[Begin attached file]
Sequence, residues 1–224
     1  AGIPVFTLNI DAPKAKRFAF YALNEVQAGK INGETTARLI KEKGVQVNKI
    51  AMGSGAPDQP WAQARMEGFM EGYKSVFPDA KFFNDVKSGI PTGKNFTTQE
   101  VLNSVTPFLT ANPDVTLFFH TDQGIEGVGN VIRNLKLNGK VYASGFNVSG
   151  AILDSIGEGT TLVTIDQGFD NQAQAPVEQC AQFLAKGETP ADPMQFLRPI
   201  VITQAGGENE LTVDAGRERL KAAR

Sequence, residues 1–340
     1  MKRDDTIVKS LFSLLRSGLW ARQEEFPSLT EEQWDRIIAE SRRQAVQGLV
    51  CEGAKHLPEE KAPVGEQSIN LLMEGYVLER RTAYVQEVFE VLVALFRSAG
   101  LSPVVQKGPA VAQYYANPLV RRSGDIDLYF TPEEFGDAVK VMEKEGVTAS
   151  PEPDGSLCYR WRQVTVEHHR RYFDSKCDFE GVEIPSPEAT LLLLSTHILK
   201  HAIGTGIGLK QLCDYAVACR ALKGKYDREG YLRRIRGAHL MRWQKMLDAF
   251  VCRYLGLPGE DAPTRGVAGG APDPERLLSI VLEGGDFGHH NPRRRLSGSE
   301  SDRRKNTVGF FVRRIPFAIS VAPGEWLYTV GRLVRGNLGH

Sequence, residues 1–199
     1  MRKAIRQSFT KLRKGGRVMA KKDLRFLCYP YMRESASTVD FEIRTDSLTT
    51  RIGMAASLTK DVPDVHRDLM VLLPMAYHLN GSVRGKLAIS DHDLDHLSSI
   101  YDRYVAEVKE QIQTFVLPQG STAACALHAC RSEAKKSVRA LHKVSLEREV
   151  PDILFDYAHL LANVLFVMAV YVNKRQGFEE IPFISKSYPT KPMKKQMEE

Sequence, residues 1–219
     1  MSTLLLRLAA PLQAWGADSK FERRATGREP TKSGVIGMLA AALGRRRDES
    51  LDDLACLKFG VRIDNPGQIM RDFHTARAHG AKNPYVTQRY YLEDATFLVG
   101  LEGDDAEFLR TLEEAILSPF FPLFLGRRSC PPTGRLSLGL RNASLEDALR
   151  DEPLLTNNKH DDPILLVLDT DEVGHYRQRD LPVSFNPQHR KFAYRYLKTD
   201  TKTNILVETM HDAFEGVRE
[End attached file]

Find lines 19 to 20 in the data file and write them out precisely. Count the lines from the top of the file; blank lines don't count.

   151  PDILFDYAHL LANVLFVMAV YVNKRQGFEE IPFISKSYPT KPMKKQMEE

Sequence, residues 1–219